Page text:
Atlas of Applied Internal Liver Anatomy

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Considering the sources of error which result from the relations in the dead body, an exact definition of the position of the parts must be given up. This viscus when full pushes the left lobe of the liver outwards, and lies for the most part covered by it. The portion of the diaphragm that supports the pericardium indicates the position of the heart. If the left ventricle, when full, exceeds the margin on the left side, it is clear that the heart lies, not on the stomach, but on the liver, and only its apex reaches the region of the stomach, and a transverse section would be similar to that represented on Plate XIII.

The left cupola of the diaphragm is distended, therefore, by the left lobe of the liver, stomach, and spleen.

Inferior vena cava. Pericardial portion of diaphragm. Lobulus Spigelii. By simple inspection of the form of the circumference of the liver, it is evident that the figure was taken from another body, and that a body was used in which there was considerable distension of the stomach. The stomach, which was distended with food, did not extend as far as the left side, but still had against it the fatty portion of the peritoneum, which drags on the left end of the transverse colon, and which is continuous with the greater sac. The left lobe has a different form from that in Fig.

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From observations that I instituted on different subjects, after filling the colon from the anus, or the stomach from the oesophagus, in order to demonstrate the variation in position of the organs in one and the same individual, I was convinced that even by carefully lifting the peritoneum, I obtained no condition of things from which a plate of any value could be made.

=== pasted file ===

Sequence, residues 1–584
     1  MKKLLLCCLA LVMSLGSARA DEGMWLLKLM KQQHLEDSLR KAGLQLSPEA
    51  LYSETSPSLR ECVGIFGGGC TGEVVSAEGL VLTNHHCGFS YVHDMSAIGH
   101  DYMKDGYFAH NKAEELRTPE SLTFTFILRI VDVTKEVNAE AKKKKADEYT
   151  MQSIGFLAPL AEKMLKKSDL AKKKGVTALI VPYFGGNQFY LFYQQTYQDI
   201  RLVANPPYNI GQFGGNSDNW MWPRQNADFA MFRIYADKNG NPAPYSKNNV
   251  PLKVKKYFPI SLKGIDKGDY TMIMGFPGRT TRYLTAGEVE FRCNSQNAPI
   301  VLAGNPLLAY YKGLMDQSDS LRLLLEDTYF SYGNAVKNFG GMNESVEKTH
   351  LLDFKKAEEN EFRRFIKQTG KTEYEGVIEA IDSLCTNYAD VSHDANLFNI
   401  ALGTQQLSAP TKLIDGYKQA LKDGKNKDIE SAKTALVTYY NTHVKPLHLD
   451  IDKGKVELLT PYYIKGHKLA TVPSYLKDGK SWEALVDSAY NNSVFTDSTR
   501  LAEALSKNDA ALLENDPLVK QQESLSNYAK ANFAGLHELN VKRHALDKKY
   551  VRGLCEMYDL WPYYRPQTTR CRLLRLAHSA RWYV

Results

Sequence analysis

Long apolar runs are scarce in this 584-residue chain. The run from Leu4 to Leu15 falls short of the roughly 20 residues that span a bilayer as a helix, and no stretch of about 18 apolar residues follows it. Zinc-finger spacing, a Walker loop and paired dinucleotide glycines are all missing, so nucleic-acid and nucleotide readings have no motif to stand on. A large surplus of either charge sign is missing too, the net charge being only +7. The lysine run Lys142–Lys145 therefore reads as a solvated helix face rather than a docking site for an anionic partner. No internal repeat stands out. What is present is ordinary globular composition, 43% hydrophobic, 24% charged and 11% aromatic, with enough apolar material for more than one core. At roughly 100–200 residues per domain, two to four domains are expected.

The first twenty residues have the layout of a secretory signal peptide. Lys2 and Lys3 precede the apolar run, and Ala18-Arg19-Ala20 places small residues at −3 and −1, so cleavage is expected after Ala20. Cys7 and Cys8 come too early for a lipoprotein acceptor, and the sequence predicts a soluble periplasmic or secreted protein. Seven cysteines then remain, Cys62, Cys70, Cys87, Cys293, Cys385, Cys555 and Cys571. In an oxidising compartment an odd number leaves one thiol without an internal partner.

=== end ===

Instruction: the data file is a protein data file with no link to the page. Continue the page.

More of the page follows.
It appeared in the highest degree remarkable that in a portion of the trunk, to which merely the under half of the thorax was attached, one could inject a large quantity of water through the oesophagus, and leave it any length of time without its escaping. On introducing the finger through the oesophagus into the stomach one could feel its wall between the cardiac extremity and the fundus jutting out so sharply as to form a distinct valve.

It must remain for further investigations how far these relations on the subject can be applied to the living body.

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Great oinentum. The other relations are similar to the preceding. It appears in these plates that the heart always has the left lobe of the liver between it and the stomach, and lies on the stomach by only a portion of its apex, which may vary greatly in size. Vena cava interior. Left flexure of colon. It will also be seen that, according to the condition of the stomach, the position of the viscera in the left cupola of the diaphragm will be altered.